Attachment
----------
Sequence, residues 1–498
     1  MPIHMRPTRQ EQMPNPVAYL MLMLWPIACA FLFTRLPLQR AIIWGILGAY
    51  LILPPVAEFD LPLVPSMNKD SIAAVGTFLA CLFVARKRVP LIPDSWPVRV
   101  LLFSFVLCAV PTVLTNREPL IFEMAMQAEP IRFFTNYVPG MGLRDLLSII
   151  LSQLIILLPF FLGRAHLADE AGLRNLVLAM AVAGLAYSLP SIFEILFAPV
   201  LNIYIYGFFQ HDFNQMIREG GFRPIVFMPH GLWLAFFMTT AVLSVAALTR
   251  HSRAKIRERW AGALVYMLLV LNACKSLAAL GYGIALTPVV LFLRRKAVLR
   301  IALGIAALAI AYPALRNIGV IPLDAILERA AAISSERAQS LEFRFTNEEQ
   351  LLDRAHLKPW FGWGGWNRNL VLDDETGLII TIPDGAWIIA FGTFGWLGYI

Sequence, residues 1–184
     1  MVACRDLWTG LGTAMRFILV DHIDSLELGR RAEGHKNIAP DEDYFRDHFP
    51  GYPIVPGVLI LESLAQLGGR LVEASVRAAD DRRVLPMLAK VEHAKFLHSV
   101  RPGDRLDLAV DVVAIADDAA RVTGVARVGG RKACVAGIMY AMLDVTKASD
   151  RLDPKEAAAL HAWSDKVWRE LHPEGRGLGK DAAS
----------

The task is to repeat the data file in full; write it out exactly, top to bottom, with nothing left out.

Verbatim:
Sequence, residues 1–498
     1  MPIHMRPTRQ EQMPNPVAYL MLMLWPIACA FLFTRLPLQR AIIWGILGAY
    51  LILPPVAEFD LPLVPSMNKD SIAAVGTFLA CLFVARKRVP LIPDSWPVRV
   101  LLFSFVLCAV PTVLTNREPL IFEMAMQAEP IRFFTNYVPG MGLRDLLSII
   151  LSQLIILLPF FLGRAHLADE AGLRNLVLAM AVAGLAYSLP SIFEILFAPV
   201  LNIYIYGFFQ HDFNQMIREG GFRPIVFMPH GLWLAFFMTT AVLSVAALTR
   251  HSRAKIRERW AGALVYMLLV LNACKSLAAL GYGIALTPVV LFLRRKAVLR
   301  IALGIAALAI AYPALRNIGV IPLDAILERA AAISSERAQS LEFRFTNEEQ
   351  LLDRAHLKPW FGWGGWNRNL VLDDETGLII TIPDGAWIIA FGTFGWLGYI

Sequence, residues 1–184
     1  MVACRDLWTG LGTAMRFILV DHIDSLELGR RAEGHKNIAP DEDYFRDHFP
    51  GYPIVPGVLI LESLAQLGGR LVEASVRAAD DRRVLPMLAK VEHAKFLHSV
   101  RPGDRLDLAV DVVAIADDAA RVTGVARVGG RKACVAGIMY AMLDVTKASD
   151  RLDPKEAAAL HAWSDKVWRE LHPEGRGLGK DAAS